Newly diagnosed with RRMS this week with my neurologist and saw the MS nurse the following day. I have a nice hefty leaflet with lots of info regarding DMD’s. I am keen to start, but there are a vast amount to choose from!
Looking for personal experience with them/ info and advice. Also do people tend to go for tablets more than interferons, and could this also be to do with people being less keen to inject?
Thank you in advance
Try posting on everyday living or use the search tool for DMD’s or the meds you are thinking of/being offered. I’m having my MRI contrast tomorrow with my appointment on 08/09 to discuss the findings, recent symptoms and DMD’s so I’ve been looking myself
I was offered interferons at first so went with that (more explicitly Avonex or Extavia) There was no first line tablet then. I went with the latter (so didn’t need refrigeration). When Tecfidera (DMF) was approved I was offered that and accepted. Trouble with my left hand made injecting more awkward and tablets are much quicker and easier. I don’t have side effect problems with DMF. Another advantage of DMF over the injectables is that it reduces relapses by about 50% as opposed to about 30%
It has asked been asked on the Bart’s blog why injectables are still offered (because there are more effective first line drugs). (Actually, Terifloromide (Aubagio) is about 30% effective too).
How active is you’re MS? I am assuming since you mentioned interferons that you are being offered first line drugs.
Then the other first line option is Alemtuzamab. The IV treatment with infusions, twice the first year and then once a year later. Further infusions if it hasn’t worked - though quite rare. The big advantage is the possibility of stopping the MS for years if not completely (induction treatment). The side effects are more severe so you have to weigh the risk of MS vs the drug.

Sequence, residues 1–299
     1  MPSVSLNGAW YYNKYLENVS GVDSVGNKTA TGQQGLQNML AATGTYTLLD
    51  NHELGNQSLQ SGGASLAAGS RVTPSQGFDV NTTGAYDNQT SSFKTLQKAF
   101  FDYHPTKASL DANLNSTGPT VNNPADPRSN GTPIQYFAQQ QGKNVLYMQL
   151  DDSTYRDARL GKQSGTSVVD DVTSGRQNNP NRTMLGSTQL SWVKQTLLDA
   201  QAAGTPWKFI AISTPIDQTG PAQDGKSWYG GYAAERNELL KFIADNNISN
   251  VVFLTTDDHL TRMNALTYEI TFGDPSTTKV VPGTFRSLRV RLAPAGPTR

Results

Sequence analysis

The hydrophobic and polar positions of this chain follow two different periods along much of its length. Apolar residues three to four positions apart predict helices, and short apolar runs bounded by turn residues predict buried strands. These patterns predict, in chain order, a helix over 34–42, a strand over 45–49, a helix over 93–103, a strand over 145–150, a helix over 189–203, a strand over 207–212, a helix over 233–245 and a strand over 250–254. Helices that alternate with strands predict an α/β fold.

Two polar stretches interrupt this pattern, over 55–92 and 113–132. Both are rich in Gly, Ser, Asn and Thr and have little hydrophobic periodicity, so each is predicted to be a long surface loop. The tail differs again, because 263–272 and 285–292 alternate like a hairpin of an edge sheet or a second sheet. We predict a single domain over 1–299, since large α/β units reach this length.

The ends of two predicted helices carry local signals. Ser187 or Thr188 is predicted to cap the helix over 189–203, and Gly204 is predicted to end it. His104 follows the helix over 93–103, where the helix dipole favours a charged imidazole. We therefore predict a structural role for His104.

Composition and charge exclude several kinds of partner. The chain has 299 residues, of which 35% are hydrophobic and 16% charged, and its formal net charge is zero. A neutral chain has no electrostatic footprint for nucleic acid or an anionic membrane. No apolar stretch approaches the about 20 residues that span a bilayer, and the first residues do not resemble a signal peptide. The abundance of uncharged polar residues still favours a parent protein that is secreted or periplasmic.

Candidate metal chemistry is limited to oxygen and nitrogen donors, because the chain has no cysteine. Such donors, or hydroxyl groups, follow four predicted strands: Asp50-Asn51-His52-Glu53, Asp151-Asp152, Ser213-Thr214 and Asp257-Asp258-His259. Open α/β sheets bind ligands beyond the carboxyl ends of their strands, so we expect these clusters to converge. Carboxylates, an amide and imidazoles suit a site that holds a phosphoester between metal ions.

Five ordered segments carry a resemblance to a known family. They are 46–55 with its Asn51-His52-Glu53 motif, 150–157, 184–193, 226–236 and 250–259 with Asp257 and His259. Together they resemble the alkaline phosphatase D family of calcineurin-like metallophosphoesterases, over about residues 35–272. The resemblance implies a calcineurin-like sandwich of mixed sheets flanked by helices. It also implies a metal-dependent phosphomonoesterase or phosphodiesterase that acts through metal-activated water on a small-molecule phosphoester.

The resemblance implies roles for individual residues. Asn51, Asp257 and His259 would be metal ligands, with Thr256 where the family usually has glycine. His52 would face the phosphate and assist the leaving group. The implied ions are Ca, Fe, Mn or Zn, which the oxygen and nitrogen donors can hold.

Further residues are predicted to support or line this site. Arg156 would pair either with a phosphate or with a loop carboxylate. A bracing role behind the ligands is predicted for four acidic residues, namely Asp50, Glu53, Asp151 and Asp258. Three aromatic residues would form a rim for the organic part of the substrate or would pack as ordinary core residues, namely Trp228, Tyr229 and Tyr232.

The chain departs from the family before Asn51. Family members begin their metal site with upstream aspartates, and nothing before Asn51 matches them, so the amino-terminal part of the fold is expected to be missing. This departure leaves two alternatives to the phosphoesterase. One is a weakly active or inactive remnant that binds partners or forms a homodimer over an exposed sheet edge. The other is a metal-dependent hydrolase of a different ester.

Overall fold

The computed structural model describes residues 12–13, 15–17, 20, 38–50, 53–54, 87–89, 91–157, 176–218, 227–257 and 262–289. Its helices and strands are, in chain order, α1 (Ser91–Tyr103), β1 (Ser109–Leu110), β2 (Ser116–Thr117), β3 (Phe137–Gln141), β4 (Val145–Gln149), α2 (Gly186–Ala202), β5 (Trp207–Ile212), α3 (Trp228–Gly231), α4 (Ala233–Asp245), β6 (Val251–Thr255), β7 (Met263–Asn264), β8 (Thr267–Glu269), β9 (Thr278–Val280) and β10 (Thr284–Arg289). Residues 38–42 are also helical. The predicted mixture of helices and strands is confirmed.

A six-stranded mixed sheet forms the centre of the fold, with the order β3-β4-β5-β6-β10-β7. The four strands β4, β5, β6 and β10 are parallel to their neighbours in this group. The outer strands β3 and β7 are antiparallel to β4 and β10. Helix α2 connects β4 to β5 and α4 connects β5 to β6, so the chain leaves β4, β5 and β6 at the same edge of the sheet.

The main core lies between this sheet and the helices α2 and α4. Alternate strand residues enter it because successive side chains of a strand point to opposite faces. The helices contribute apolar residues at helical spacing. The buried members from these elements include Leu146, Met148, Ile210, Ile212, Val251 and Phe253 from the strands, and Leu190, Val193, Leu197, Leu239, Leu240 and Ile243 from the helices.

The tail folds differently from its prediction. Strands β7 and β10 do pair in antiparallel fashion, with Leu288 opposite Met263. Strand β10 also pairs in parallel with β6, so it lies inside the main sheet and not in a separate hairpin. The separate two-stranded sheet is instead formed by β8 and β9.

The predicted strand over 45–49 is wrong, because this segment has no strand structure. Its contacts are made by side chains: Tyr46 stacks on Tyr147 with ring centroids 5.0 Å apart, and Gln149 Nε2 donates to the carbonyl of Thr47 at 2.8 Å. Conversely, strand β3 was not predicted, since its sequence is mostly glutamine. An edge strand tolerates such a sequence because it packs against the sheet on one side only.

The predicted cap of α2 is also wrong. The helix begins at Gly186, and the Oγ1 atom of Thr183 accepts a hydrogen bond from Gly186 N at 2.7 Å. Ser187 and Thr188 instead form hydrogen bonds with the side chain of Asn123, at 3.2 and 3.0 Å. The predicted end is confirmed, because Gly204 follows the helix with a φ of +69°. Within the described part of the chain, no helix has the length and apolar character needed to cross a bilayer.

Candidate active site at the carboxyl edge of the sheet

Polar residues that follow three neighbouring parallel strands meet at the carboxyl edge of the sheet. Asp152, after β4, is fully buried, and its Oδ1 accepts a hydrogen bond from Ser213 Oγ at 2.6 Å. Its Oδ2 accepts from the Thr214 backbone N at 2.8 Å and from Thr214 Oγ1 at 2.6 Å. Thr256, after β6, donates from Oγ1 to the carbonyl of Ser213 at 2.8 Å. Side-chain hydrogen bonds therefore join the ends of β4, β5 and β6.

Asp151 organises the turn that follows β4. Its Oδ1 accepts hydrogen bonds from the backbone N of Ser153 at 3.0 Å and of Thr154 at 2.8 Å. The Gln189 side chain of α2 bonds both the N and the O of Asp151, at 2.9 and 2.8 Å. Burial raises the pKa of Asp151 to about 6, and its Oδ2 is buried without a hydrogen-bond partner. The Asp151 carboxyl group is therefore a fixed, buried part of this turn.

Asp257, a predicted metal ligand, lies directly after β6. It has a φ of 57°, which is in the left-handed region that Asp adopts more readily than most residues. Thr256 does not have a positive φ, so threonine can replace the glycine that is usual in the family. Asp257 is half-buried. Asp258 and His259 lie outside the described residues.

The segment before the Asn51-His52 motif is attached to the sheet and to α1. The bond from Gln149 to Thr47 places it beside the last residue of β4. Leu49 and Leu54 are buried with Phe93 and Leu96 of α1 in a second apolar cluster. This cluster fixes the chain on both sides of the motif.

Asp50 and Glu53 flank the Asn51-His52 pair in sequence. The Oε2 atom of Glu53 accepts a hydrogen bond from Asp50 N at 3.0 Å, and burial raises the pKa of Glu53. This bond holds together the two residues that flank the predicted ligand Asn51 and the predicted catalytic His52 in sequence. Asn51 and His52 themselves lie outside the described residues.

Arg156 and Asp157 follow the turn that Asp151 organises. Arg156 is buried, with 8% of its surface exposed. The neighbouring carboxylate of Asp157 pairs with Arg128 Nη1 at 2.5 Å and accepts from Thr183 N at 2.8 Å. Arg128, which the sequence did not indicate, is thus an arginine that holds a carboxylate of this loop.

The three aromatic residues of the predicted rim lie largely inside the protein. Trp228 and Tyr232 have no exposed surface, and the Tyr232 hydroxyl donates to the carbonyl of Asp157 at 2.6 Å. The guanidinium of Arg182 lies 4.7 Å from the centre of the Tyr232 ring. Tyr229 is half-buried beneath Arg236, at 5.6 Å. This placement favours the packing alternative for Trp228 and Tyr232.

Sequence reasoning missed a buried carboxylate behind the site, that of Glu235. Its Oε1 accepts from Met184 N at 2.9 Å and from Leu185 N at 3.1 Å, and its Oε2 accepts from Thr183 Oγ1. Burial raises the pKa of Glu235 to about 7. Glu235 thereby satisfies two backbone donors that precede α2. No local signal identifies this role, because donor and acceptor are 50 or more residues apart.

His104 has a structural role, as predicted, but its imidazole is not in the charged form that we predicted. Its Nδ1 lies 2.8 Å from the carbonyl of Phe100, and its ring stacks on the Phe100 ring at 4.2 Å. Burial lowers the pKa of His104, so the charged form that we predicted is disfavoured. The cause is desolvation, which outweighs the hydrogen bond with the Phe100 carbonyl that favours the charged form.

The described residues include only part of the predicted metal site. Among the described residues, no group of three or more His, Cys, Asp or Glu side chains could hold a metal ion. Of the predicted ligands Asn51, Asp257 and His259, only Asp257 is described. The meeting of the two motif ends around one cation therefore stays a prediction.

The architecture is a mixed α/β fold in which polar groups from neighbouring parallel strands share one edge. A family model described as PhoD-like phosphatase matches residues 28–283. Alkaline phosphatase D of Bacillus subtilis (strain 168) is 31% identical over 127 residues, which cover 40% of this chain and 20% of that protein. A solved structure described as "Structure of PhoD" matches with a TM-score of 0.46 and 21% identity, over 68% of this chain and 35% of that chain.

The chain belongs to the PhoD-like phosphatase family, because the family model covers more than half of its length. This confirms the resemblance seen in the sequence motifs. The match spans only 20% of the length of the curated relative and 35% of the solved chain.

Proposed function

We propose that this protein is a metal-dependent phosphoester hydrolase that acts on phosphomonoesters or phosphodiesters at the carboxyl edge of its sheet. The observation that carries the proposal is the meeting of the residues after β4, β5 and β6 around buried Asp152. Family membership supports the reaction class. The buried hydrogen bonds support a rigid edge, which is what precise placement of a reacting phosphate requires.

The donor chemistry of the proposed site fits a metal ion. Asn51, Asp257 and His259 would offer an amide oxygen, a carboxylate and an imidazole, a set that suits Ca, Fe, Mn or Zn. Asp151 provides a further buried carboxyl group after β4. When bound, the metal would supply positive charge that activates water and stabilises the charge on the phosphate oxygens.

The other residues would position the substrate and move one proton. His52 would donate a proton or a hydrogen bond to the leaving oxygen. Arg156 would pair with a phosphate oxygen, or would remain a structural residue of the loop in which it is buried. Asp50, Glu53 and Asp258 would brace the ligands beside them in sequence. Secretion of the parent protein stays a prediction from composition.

Is Lemtrada a first line treatment ? I had assumed it isn’t
There are thankfully many treatments to choose from. I initially opted for Rebif as Tecfidera was waiting for approval at the time of my RRMS Dx (June 14) as Neurologist was keen to get me onto a DMD as soon as possible. On Rebif for a year, I did experience increase in fatigue, and bad injection site reactions. Seven weeks ago I started Tecfidera, the first few days were differcult due to flushing and nausea, but after that no problems, touching wood! I honestly don’t know I am taking now. I have gained weight of which my Aunt kindly pointed out, thanks for that!!!
Personally, I would definitely choose an oral therapy over an injectable initially, if I had the choice. MS trust produce a great booklet on treatment choices. I know the side effects listed are scary, but not everyone experiences them. Your MS nurse and Neurologist will be great for advice, and if you try one and don’t get on with it, try something else. Wishing you all the very best. Sarah x
@JanetV Multiple Sclerosis Research: NICE approves alemtuzumab (Lemtrada). The MS Society and MS Trust write that the drug can be prescribed for adults with active relapsing remitting MS (generally defined as having two relapses which have had a substantial effect on health or daily life in the last two years). (The same as the Association of British Neurologists criteria for prescribing interferon and Copaxone until this year (when they became a little more proactive).
The less effective drugs are fine for those who respond to them.
In all honesty this is all very new so I’m not really sure how active I am! I was only diagnosed a few weeks ago, I had my first ‘episode’ about 2 months ago followed quite quickly by a relapse a month ago with a massive amount of symptoms (well seems that way to me) which are still ongoing. I have the booklet from the MS Trust and have just been reading through it now. My app with my MS nurse is in a few weeks so got a little while to get to grips with it it! It’s all a lot of information in a short period of time! Thank you very much for your information!
Thank you for all the information everyone, very helpful! I’ve just finished reading through the DMD booklet.